Big Data and Faith

Finally, secular progressives have something they can believe in. Because Gaia is just too new-agey and earth-mothery for most of us, meditating at the Zen center is actually hard work, Christianity is too darn patriarchal, the outer space adventures are over, and messing around with genetics is actually more terrifying than anything else.

Thank goodness for Big Data, coming along just in time to give us a new fantasy about a future in which we can actually, once and for all, figure out what the heck is going on.

I said it before here, and I’m sure I’m not the first to say it, but all of the socioeconomic hubbub about this brave new era of computing, where we can gather SO MUCH DATA about so many things, the consumer behaviors of the masses, biofeedback, etc., sounds more than a little bit religious to me.

Yes, indeed, our devices are small, and powerful. And indeed, we’re spending more and more of our time and energy interacting with them. We are giving them lots of data to work with, and the technology is such that those clicks can all be tracked and quantified, moved around and mapped in visually satisfying and sometimes insightful ways.

And indeed, there is insight to be gleaned from this raw data, when it is processed by powerful machines and talented humans, interpreted and reformulated, presented back to us in an elegantly color-coded map, chart, table or graph.

But the idea that this leads to some kind of ultimate ability to comprehensively understand… anything, is, to me, where the discussion leaps into the realm of faith.

People, humans, have always been able to figure out some things from looking at data, whether it comes from facebook algorithms or observation of the changing tides. Better data can indeed lead to more interesting, insightful, and/or far ranging ideas about how things work. But it seems clear to me that the ideas and the interpretation are still coming from people observing information, not from the information itself.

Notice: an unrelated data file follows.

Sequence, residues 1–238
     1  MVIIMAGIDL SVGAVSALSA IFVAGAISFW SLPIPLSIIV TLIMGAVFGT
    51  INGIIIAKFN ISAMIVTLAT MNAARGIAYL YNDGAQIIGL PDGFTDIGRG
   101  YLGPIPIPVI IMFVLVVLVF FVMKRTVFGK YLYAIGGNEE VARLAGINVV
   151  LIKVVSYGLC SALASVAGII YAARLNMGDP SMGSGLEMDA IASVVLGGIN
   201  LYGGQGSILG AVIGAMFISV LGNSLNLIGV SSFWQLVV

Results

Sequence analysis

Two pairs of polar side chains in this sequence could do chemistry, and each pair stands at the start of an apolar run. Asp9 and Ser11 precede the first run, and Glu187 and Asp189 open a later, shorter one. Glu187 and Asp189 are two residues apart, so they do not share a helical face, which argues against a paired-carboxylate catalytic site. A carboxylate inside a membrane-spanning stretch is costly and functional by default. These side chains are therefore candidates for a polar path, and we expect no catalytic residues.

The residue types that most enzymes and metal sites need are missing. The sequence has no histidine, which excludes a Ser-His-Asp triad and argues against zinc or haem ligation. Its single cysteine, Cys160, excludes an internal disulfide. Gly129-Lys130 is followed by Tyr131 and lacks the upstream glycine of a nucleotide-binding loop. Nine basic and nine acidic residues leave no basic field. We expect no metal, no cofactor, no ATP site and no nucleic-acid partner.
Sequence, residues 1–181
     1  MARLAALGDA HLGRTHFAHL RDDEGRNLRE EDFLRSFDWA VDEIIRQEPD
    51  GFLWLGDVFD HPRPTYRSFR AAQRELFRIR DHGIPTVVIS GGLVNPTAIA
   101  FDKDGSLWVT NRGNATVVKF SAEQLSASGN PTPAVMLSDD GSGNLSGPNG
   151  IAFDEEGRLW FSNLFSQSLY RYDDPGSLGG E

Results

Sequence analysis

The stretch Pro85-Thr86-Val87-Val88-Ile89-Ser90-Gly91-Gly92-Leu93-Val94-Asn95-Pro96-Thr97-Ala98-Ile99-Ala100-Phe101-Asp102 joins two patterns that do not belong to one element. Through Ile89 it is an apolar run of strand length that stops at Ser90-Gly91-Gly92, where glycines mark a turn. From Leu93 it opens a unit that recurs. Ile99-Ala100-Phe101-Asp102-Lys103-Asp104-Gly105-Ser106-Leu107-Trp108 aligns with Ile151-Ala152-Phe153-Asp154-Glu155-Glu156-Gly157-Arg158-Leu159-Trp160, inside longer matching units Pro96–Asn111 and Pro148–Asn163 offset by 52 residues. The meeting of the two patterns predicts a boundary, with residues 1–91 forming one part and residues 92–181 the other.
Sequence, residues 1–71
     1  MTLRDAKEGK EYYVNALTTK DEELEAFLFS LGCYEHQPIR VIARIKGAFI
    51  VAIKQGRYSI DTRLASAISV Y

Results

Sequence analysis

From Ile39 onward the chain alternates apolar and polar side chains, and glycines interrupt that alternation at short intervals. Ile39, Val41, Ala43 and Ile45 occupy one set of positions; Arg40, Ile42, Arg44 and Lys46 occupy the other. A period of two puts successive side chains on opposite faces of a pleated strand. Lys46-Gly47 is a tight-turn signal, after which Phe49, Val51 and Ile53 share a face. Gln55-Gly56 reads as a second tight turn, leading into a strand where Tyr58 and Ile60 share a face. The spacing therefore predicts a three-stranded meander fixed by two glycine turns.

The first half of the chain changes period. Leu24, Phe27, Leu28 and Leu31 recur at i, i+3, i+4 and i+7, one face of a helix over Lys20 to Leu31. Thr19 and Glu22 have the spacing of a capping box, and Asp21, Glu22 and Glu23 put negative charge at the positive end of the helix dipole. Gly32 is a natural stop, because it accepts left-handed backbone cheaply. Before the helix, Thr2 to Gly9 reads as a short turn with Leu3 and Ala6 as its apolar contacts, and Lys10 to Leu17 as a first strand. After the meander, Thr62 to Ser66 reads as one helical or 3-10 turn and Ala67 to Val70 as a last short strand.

This is true in science, and it’s true to a great degree in religion as well, I think. The tools we have to make sense of our world have grown more powerful and precise, but they haven’t changed fundamentally, or even qualitatively at all, for that matter.

This essay at the New Inquiry, one of my favorite places on the internet, talks about the ideology of Big Data, and the fact that, just like every other form of knowledge, it relies a lot more on mere subjective humans than its true believers would like to think.

The New Inquiry essay introduced me to the idea of positivism, which is the effort, across disciplines, to gather enough information about the world to actually makes sense of it macroscopically. The idea, in my reading anyway, is that there’s a finite amount of information to gather, and that there will be some kind of tipping point where we finally have enough of it that things start to make real, no-foolin-around, inarguable rational sense, goddammit.

Because living in the world of uncertainty, contingency, subjectivity and mystery can be just too taxing for the modern mind… the idea that the more we learn, the more we realize we really don’t know, and that the vast majority of the unknowns will probably never be resolved, no matter how Big the Big Data gets, is so darn frustrating that we might as well just give up, ya know?

Then, God forbid, we’ll be stuck with the religious, and the superstitious, and the scientists, and the poets and the artists (oh dear), all humbly trying to make just a little bit of sense for one another, while admitting that we are all, in the end, at sea together in the vast unknowability of the universe.

I wonder what it would be like for us, collectively in the secular, progressive Western world, to accept the fact that we don’t have any real answers to questions like, “Why are we here?” or “What’s the point?”

…And moreover, to accept the fact that these answers aren’t coming during our short sojourn here on this beautiful, fragile planet… but the good news is that we get to be here anyway, for now, even though we don’t know much – and that ultimately that’s going to have to be enough, because we don’t really have a choice about it, beyond the possibility of successful self delusion.

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